Saturday, October 18, 2008

Book Review: Sticky Church

I knew I wanted to read Larry Osborne's new book Sticky Church as soon as I read the title. I would guess that that every pastor and every church has wrestled with the question about how to get people who visit their church to not only stay but how to get them connected. As Osborne points out we've tried just about everything but we still see too many of our people leaving through the back door.

The solution for Osborne and the folks at North Coast Church was to help people "stick" by getting them to be a part of their small group ministry. But the small groups at NCC were not your typical Bible study group or multiplying cell group. Osborne details the process that led him and his ministry team to focus on Sermon based small groups. As a result, those involved in small groups at NCC were given an opportunity to make application from what they heard the previous Sunday in the context of encouraging, accountable relationships.

I found Osborne's book to be extremely helpful in developing my own vision and strategy for ministry but probably not in the way Osborne would have imagined when writing this book. I pastor a rural church where we don't have small groups--we are a small group. I found many of Osborne's comments and principles to be very relevant to our situation and the ministry we are trusting God to develop. Osborne covers everything from preaching, to church health, to relationships, and leadership training. I imagine the principles I gleaned will be most beneficial to the way I give leadership to the local church.

My copy of Sticky Church is now marked up and well worn. My goal now is to go back through the book so I can process again the principles Osborne has shared. Let me share one principle that I found worth the price of the book (although thanks to the good folks at Zondervan I was given this copy to review for free!)

Just recently my kids have discover the joy of Legos, a toy that was a favorite of mine growing up as well. On pages 79-81 Osborne explains why we see such difficulty among people to "jell" with others when forming new relationship. The answer: people are like Legos. Like the little plastic bricks, there are only so many connectors to go around. When those connectors get filled up we find it difficult to make any new connections. When I read this and Osborne’s further application (you’ll just have to buy the book) I felt that both a light bulb went on and a weight was lifted at the same time. It’s not so much that the church is full of cliques; it’s that many of us already have our connectors filled (p.80). Brilliant!

Even if yours is not a church of small groups, or small groups are not yet on your ministry horizon this book is well worth reading. It will stay on my shelf and deserves a second read. Here’s hoping that the Lord uses this book to help our churches become even “stickier”.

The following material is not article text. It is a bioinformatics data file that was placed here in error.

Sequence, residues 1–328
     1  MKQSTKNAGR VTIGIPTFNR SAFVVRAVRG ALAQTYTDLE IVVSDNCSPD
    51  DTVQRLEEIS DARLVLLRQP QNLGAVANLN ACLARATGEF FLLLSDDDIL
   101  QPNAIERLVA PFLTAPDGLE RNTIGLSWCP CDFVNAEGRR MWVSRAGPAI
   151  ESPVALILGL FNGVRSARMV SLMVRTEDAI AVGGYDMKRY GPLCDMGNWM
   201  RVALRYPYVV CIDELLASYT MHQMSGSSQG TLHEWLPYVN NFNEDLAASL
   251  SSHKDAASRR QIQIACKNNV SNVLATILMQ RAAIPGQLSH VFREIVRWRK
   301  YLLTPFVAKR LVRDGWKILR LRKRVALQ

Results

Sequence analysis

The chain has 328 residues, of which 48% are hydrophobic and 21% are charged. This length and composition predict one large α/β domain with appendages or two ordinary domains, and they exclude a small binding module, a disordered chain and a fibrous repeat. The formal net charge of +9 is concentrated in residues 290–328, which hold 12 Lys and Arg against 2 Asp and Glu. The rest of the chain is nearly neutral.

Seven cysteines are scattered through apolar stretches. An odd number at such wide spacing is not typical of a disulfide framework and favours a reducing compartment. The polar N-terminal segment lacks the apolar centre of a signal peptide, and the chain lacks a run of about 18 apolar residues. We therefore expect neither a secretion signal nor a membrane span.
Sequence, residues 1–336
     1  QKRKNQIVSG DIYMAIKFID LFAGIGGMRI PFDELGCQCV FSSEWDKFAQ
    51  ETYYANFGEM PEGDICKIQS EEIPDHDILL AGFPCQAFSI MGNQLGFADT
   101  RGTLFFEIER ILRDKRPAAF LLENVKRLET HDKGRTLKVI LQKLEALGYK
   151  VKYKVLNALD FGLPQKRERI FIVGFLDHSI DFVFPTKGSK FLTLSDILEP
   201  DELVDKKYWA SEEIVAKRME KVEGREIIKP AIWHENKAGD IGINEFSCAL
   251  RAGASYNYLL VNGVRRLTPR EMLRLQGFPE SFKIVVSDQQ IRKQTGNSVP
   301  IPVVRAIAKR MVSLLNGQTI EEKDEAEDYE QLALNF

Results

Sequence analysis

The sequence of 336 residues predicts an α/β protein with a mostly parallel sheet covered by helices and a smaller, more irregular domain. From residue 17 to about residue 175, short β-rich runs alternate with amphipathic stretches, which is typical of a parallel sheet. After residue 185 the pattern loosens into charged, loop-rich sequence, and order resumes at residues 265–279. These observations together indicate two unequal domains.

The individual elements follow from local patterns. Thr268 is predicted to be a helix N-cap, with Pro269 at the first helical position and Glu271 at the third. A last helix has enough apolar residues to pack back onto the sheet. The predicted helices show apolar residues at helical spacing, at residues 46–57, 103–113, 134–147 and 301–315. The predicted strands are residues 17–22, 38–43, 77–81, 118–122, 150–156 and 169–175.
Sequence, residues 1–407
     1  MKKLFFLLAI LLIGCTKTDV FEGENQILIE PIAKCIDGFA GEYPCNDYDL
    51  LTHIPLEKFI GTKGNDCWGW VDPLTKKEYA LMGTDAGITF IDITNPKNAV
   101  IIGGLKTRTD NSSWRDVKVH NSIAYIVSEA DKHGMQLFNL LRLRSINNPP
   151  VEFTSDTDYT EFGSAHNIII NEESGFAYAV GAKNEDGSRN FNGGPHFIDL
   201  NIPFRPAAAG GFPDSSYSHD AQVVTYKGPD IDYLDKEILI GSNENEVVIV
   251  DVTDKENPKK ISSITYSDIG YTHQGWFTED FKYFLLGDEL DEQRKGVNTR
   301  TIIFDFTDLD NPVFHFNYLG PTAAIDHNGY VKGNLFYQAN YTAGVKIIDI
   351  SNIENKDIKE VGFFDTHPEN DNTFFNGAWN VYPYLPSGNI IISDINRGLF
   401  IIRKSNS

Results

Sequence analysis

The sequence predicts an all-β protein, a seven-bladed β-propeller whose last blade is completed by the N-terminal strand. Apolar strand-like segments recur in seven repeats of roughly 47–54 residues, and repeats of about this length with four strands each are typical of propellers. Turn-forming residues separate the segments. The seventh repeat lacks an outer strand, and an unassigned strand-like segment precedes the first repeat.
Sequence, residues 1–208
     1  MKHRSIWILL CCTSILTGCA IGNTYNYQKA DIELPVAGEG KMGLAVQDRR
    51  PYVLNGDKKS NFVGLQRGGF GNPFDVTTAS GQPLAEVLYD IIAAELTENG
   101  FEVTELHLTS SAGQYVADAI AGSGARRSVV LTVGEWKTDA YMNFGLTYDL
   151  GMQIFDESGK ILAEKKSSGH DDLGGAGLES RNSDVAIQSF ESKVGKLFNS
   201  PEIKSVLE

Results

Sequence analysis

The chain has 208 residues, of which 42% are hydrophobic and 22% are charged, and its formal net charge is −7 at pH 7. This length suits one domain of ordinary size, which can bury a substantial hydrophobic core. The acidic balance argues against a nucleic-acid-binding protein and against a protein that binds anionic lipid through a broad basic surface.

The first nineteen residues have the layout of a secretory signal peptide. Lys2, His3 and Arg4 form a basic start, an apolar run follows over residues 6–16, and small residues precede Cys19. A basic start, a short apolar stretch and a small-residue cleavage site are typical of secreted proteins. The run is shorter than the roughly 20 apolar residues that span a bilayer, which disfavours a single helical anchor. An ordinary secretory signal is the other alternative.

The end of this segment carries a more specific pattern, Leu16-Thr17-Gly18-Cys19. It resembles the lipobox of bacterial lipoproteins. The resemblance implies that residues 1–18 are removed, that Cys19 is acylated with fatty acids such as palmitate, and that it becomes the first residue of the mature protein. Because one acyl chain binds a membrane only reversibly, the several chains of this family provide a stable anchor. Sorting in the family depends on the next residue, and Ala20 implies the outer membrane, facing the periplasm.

[this review can also be found at]

Monday, October 13, 2008

The waiting...

According to the doctor's calculations and the counter on my iGoogle page only six days separate our family of four from its latest member. Somehow that counter jumpped from a number in the 200's to under 100 and now to less than a week. It's strange how the time flies but then comes to a screeching halt when we get so close. Of course the bag is packed, the camera battery is charged, and I know my route the hospital, but man, I hope I'm ready. I suppose I'll have to be.

Monday, October 6, 2008

Book Review: The Blue Parakeet

Any book that forces you to stop, think, and reevaluate what you believe is a book worth reading. Scot McKnight's new book The Blue Parakeet is that kind of book.

McKnight uses an odd encounter with an out of place bird (I won't spoil the story) to illustrate the way many people approach reading the Bible. In particular McKnight's concern is that Christians aren't making the effort to understand those passages in Scripture that seem somewhat out of place from the rest. McKnight suggests that there a number of these passages which are not only being ignored because of their apparent difficulty; some passages are even being silenced by Bible readers today.

It's bad enough that Christians might choose to ignore or silence teachings found in God's Word, but as McKnight argues even worse is the fact that the Church is being harmed as a result. McKnight surveys a number of these "blue parakeet" passages in his book, but focuses in on one teaching that he believes is detrimental to the Body of Christ: the role of women in the church.

As I considered McKnight's story there were a number of points he made that resonated with me, especially related to the general level of biblical ignorance that is present in our churches. The book offered some helpful discussion to help Bible readers better under the text they have. There were other times when McKnight's arguments went in directions that I found some discord with. But even in these points of disagreement, McKnight's witting style caused me to at least reconsider that which I believed to be true.

I did feel that the sections related to the topic of women in ministry tilted the balance of the book beyond what the subtitle (Rethinking How You Read the Bible) indicated the book was to be about. I do not think that the example was out of place; in fact it fit well with the other "hot button topics" McKnight pointed to in order to illustrate his point. I wonder if his passion for the subject would have been better served in a separate work. There did come a point in reading this work that I felt as if I were reading an entirely different book from what had come before.

That being said,
The Blue Parakeet is definitely worth reading and will be a helpful tool for anyone who needs to shore up their own understanding of how they approach and read the Bible.

[This review can also be view at]

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